Gillard ‘hasn’t done anything near enough to help workers’ rights’

Chris Breen spoke to Electrical Trades Union Victorian secretary Dean Mighell about what to expect from Julia Gillard
There has been speculation that Gillard’s rise represents a reassertion of union power within the ALP. Do you support the move?
I don’t think union officials played any role [in toppling Rudd]. I watched the AWU claim that they’ve swapped sides away from Kevin Rudd. In reality they never supported Rudd in the first place. Do I think it’s a good thing? Absolutely. I think it gives a chance, a slim opportunity, for federal Labor to behave like a Labor party. The opportunity is there to get out of the shadow of Rudd and articulate the things that she truly believes in.
In the past Julia Gillard has been a strong pro-worker advocate. When she was in opposition she was a passionate, vocal defender of workers’ rights against the Howard government.
What disappoints me is when she became the deputy leader, and the Minister for Industrial Relations as well, she was articulating some of the worst elements of WorkChoices that were completely contrary to the things she’d championed in opposition.
In a position of power she hasn’t done anything near enough to help workers’ rights. The Fair Work Act is basically just retaining WorkChoices with a coat of paint. But to be honest I wouldn’t be surprised if there’s no change. She seems to have been particularly vocal about supporting the ABCC. The question is—was this at Rudd’s request? Or is it something she decided was her new policy?

How should union activists approach the federal election?
Labor takes the union movement for granted. It is their view that unions will back the Labor party because the Liberals are worse.
It’s one thing to campaign against Tony Abbott and worse IR laws. But we have a government in power now that have extremely bad IR laws that breach basic human rights and yet we are not campaigning against them.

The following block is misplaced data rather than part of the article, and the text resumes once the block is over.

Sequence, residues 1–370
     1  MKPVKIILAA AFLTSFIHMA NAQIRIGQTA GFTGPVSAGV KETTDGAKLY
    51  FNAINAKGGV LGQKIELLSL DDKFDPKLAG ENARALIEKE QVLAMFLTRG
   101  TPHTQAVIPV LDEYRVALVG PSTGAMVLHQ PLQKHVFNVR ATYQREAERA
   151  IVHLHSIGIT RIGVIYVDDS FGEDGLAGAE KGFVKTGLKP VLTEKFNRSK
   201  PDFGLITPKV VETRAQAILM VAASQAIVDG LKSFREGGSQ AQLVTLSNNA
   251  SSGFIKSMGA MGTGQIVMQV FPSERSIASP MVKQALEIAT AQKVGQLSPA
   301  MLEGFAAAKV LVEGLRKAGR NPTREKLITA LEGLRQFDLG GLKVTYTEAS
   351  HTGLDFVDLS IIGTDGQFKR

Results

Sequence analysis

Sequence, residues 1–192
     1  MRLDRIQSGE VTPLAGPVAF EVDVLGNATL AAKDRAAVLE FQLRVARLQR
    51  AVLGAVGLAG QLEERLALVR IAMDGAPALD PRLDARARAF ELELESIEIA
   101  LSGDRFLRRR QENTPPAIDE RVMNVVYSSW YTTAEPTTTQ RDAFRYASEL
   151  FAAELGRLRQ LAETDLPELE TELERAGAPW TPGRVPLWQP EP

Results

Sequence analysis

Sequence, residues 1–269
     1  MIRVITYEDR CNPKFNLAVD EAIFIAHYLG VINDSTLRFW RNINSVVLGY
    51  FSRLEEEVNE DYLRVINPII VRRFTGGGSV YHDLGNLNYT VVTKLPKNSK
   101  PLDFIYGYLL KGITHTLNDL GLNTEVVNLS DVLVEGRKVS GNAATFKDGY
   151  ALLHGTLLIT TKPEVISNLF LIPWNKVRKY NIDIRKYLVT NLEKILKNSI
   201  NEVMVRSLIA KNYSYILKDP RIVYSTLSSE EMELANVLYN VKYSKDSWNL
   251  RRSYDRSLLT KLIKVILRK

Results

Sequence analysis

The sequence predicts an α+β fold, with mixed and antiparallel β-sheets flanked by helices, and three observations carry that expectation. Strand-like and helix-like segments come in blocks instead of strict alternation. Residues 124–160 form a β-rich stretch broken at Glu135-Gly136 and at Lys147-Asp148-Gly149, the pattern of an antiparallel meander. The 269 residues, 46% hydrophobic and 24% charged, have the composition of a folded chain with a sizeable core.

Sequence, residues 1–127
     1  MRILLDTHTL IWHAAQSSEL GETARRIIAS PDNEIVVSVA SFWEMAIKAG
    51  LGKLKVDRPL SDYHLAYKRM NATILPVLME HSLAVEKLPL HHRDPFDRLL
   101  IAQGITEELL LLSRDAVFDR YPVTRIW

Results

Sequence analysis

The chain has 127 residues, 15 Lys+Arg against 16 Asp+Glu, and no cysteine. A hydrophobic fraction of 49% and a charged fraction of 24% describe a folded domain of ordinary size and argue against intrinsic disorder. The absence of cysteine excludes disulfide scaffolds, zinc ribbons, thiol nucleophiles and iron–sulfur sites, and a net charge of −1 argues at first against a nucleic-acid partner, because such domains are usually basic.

In my view, the ACTU needs to campaign against any political party that has bad IR laws, including the current government.

What about the Greens?
We are out there supporting Adam [Bandt, Greens candidate in the seat of Melbourne]. He’s a person who’s got great values. I’ve spoken probably to every Greens Senator. When I talk to them about workers’ rights, the Greens at a federal level all get it. To the point where The Greens moved a motion in the federal Senate to abolish the ABCC. Labor voted it down with the Libs.
Richard Di Natale is the senate candidate again [in Victoria]. He’s addressed our delegates conferences and state councils and he’s been fantastic about the sort of changes workers are going to need. We’ll be campaigning for the Greens in the Senate. We hope they take out Family First, win a couple of Senate seats in other states and hold the balance of power. I think that’s the only hope that workers have in the upcoming federal election.
At a state level they’re a bit of a mystery. We haven’t had a great relationship with them.
We’ve got a ballot currently underway about whether we should remain affiliated [to the Labor Party] or not. Then you’ve got other unions that are completely welded to the ALP. We should work hard to be truly independent.
In the end one of two things will happen. Labor will either begin to realise that if you turn on your own, you will pay a price. They’ll wake up and say we need to re-engage—we need to take a stand against bosses and go back to our traditional political views.
Or workers will increasingly get frustrated with Labor and union officials will unite around a genuine political alternative.


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